As the Obama administration redoubles its effort to communicate its concerns about unemployment in the face of sagging approval ratings, a look at the connection between the rise and fall of joblessness and the political fortunes of past presidents in the modern era is instructive. Recent history shows that the public response to all presidents has been shaped to some degree by rising or falling unemployment. However, only Ronald Reagan's ratings in his first term have borne as close a connection as have Obama's to changes in the unemployment rate.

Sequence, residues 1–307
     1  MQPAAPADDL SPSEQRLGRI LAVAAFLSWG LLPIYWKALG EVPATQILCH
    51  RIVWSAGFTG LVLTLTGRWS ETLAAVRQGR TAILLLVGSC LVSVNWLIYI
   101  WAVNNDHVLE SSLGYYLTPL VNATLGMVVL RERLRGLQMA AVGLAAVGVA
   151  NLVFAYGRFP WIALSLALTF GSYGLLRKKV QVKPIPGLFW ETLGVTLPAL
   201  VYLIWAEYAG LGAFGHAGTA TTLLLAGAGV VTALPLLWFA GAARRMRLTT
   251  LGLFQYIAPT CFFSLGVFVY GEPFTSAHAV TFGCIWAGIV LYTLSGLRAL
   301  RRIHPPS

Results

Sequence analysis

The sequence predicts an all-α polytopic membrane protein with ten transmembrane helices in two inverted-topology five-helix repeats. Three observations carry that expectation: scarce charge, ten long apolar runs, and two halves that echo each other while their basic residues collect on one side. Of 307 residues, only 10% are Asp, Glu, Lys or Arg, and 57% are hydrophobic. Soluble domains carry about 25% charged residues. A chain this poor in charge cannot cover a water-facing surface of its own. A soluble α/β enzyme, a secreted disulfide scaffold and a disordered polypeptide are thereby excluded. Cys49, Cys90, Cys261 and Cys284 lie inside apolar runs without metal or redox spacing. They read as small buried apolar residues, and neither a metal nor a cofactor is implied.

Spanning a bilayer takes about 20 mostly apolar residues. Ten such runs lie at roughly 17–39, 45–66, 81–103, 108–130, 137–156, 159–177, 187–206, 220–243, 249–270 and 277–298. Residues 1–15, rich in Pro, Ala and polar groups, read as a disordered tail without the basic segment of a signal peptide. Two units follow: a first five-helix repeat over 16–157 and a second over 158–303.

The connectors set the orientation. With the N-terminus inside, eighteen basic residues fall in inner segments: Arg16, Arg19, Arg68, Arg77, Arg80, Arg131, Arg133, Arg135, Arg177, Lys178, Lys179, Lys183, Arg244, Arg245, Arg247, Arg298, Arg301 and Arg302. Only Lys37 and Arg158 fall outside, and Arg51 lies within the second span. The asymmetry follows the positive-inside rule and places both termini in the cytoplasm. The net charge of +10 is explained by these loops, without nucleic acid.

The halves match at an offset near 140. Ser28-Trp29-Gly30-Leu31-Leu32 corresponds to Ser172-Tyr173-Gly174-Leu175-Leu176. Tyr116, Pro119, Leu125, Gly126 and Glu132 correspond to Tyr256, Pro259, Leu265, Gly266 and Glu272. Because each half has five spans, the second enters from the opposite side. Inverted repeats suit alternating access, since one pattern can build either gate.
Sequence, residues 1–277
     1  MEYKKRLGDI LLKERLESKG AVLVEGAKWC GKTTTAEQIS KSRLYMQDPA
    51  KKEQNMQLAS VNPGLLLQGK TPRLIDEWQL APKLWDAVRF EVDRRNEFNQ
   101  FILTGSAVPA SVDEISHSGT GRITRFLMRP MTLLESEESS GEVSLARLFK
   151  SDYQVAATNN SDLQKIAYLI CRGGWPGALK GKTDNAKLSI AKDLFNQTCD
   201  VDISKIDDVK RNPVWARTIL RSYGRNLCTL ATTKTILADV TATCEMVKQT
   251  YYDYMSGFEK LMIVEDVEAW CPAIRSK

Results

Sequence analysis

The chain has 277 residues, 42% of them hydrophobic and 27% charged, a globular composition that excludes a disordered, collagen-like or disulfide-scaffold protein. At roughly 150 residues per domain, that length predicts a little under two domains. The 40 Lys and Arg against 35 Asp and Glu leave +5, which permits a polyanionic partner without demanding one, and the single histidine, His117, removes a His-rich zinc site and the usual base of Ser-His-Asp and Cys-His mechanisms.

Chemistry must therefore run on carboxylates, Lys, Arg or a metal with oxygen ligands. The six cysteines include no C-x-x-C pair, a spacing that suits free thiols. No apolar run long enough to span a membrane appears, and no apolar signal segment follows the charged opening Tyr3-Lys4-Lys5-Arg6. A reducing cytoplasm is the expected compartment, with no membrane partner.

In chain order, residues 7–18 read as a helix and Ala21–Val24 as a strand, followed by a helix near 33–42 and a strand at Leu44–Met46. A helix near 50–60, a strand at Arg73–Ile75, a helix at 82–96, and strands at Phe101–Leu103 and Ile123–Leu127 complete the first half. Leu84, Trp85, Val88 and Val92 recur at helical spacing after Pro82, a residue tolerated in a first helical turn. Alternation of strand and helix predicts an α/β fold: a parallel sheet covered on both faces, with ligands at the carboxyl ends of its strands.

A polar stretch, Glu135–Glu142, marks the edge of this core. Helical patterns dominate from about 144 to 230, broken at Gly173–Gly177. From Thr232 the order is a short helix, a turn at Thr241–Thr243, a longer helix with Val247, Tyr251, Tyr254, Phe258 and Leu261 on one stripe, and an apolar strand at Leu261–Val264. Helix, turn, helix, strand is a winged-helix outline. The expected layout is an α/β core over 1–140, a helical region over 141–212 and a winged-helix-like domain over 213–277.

In fact, the relationship between unemployment and presidential approval varies from crystal clear to murky. Indeed since 1981 there have been a number of times when the ties between changes in joblessness rates and public judgments of the president have been weak or even indiscernible. But the link is strongest when unemployment rises precipitously. And it weakens, or even disappears entirely, when other concerns – such as national security – become dominant public issues.
Read the full report It's All About Jobs, Except When It's Not: Unemployment and Presidential Approval Ratings 1981-2009 on the Pew Research Center's Web site.